Texas residents have been plagued with a recent winter storm that has lasted for a few days. Images from the NOAA-NASA Suomi NPP satellite compares before and after showing massive blackouts across the state.
The world is aware of Texas's many power outages in the last few days. Images revealing the state's winter storm have been displayed on TV screens and have circulated the internet.
Recently AccuWeatherAstronomy shared a post showing NASA's image comparison of before and after photos from space. The news outlet explained that "NASA was able to detect the drop in light emissions from space."
The photos revealed a glaring difference between two primary dates — February 7 and February 16. It detailed the widespread power outage that left the residents in a precarious situation following a polar vortex.
At the beginning of the nerve-wracking winter storm, news circulated in the entire state that followed the blackout. Still, many homes found it challenging to cope.
Words on the streets maintain that more than twenty-four people have passed away owing to the freezing temperature, as they battled to secure some warmth inside their houses.
One family was found dead after struggling to warm up via the fireplace. Another family lost their lives after opting for warmth from car exhaust in their garage.
Scientists explained that humans' global warming has a role to play in the situation. These researchers highlighted that the freezing is caused by the polar vortex's spilling—a weather pattern that often sticks to the Arctic.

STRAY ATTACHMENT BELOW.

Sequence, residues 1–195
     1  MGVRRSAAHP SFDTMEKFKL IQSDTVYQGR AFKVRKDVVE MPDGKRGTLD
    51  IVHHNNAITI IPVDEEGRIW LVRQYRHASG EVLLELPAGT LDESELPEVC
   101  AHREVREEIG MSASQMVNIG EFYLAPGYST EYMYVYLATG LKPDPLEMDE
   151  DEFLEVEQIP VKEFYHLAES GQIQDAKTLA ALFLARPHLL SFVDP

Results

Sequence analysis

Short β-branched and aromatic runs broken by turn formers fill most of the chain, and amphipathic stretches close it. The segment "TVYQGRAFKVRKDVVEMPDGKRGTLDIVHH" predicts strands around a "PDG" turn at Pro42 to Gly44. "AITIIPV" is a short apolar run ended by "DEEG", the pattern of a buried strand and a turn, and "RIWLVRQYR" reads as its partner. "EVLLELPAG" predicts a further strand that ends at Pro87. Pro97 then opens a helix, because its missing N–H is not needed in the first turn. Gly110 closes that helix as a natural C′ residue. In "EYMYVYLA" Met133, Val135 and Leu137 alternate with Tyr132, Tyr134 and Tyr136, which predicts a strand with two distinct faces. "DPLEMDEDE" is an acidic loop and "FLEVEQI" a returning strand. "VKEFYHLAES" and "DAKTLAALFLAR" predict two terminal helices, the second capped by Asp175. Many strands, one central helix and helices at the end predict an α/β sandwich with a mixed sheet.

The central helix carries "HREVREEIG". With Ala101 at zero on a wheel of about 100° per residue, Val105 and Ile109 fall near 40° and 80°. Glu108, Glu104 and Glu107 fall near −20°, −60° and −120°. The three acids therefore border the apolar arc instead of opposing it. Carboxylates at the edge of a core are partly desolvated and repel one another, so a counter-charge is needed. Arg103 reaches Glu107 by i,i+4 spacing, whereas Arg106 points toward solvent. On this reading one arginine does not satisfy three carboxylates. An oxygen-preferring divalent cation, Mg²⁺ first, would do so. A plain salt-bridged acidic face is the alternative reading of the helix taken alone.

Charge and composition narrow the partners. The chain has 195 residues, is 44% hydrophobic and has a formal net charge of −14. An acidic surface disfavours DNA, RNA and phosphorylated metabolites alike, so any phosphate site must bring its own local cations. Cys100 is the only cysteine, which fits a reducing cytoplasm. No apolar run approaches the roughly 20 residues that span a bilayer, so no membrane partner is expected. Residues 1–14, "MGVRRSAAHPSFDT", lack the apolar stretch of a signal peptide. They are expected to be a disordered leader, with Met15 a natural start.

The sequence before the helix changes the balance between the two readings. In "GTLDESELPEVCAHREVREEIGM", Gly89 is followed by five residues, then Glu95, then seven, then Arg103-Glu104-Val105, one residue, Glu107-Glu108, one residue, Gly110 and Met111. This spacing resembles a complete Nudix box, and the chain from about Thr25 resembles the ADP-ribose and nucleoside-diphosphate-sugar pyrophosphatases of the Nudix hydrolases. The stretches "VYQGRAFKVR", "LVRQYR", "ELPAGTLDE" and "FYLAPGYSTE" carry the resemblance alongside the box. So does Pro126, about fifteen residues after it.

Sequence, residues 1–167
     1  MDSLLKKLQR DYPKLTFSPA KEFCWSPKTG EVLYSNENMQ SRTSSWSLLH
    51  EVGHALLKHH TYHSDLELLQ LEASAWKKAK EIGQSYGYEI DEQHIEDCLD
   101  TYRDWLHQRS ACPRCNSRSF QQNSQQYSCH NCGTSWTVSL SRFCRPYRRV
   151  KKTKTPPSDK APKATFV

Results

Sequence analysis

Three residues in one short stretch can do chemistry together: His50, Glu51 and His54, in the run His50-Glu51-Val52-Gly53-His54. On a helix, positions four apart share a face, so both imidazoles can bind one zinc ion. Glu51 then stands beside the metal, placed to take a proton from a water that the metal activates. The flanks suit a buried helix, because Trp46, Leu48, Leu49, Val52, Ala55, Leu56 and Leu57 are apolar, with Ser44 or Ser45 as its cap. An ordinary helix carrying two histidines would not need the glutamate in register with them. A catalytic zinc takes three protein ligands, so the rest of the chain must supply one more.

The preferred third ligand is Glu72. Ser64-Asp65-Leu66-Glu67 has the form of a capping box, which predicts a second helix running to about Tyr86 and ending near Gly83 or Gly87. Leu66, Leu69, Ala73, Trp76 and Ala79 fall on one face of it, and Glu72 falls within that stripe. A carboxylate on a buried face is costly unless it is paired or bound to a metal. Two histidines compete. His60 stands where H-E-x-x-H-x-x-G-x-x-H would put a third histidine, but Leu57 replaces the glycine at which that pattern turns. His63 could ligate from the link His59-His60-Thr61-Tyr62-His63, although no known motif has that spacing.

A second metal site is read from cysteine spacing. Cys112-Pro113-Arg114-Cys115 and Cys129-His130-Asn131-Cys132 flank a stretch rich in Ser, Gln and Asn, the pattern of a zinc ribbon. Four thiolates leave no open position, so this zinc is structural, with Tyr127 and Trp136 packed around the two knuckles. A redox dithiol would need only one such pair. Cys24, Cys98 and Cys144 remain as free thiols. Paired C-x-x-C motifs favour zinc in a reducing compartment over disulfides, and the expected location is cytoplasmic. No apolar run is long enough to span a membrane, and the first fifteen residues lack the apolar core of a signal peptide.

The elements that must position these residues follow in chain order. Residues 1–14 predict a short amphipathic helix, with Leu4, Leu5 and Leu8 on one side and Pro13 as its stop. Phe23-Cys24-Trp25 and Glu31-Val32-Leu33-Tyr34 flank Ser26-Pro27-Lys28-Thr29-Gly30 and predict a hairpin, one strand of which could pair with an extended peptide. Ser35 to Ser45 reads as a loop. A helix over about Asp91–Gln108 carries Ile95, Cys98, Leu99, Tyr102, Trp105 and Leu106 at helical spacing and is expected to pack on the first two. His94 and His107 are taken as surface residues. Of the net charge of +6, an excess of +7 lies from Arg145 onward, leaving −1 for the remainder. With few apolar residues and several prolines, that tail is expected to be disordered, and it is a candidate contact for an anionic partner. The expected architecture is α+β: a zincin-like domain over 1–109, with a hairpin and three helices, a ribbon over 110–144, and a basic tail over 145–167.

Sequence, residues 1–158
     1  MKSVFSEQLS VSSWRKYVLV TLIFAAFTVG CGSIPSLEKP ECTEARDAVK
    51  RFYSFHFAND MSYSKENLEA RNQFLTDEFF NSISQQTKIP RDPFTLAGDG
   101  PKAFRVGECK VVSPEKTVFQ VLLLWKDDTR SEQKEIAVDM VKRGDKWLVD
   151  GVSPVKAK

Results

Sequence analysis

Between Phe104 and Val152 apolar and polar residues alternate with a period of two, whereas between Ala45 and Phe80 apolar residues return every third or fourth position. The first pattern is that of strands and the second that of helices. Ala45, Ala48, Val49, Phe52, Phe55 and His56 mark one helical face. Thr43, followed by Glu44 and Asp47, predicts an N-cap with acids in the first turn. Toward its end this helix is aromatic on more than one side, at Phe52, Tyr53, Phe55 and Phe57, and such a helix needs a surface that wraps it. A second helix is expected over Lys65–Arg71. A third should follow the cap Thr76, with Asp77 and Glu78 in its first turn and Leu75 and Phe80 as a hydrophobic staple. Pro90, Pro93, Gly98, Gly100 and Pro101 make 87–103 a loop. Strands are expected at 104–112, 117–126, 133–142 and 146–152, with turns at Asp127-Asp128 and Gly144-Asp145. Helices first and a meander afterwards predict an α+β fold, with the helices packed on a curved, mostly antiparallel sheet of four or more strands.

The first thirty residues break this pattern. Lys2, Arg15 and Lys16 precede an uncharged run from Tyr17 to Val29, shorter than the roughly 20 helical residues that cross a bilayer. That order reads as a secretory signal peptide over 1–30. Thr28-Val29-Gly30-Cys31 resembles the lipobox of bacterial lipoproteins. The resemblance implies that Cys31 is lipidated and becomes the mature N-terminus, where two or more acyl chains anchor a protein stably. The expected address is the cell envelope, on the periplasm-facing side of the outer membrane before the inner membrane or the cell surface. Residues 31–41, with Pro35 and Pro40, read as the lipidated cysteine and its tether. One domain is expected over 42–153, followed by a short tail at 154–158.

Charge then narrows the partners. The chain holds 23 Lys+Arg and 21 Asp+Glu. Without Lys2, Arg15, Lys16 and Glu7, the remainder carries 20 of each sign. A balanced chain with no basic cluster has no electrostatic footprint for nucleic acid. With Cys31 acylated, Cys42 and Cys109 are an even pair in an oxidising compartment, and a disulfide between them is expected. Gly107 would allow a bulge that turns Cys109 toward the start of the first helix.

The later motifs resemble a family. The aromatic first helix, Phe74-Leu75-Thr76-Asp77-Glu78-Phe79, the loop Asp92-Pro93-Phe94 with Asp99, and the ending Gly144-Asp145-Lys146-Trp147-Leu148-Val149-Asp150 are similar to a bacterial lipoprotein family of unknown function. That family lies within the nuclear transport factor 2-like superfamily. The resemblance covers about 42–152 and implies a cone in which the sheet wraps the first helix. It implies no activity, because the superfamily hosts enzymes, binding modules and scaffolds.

Reports have it that the state is dependent on natural gas to generate power. However, facilities required to get it out of the ground to the plants across the state were not prepared for the record-breaking winter storm and temperature change.
The Electric Reliability Council of Texas involved in managing the state's power grid mentioned that more than 600,000 houses and businesses are back on track as they now enjoy power restoration.
They are uncertain about when the situation will be remedied. However, ERCOT's President Bill Magness is in high hopes as he maintained that possibly more people would be opportune to have their lights being restored before the week runs out.
In the meantime, newsmen detailed that Texas is struggling with clearing off the snow on their roads as opposed to Arkansas that already has cleared roadways.
It is uncertain when this weather misery will be sorted out; however, the concerned authorities have assured the residents of Texas that they are not resting on their oars as they seek to restore power.